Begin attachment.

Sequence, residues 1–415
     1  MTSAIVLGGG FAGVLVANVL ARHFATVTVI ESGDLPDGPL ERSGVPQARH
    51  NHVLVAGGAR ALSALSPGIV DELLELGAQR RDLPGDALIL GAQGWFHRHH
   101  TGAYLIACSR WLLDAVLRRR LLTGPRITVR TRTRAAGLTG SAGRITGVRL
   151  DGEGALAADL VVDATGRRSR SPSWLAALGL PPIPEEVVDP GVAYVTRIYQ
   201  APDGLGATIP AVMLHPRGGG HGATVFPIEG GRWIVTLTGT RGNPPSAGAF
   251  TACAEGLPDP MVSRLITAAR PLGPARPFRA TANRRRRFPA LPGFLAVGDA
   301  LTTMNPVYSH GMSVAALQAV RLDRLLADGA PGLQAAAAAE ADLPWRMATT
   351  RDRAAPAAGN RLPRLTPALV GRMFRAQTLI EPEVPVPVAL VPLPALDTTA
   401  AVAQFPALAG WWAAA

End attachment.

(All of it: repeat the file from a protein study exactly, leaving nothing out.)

Sequence, residues 1–415
     1  MTSAIVLGGG FAGVLVANVL ARHFATVTVI ESGDLPDGPL ERSGVPQARH
    51  NHVLVAGGAR ALSALSPGIV DELLELGAQR RDLPGDALIL GAQGWFHRHH
   101  TGAYLIACSR WLLDAVLRRR LLTGPRITVR TRTRAAGLTG SAGRITGVRL
   151  DGEGALAADL VVDATGRRSR SPSWLAALGL PPIPEEVVDP GVAYVTRIYQ
   201  APDGLGATIP AVMLHPRGGG HGATVFPIEG GRWIVTLTGT RGNPPSAGAF
   251  TACAEGLPDP MVSRLITAAR PLGPARPFRA TANRRRRFPA LPGFLAVGDA
   301  LTTMNPVYSH GMSVAALQAV RLDRLLADGA PGLQAAAAAE ADLPWRMATT
   351  RDRAAPAAGN RLPRLTPALV GRMFRAQTLI EPEVPVPVAL VPLPALDTTA
   401  AVAQFPALAG WWAAA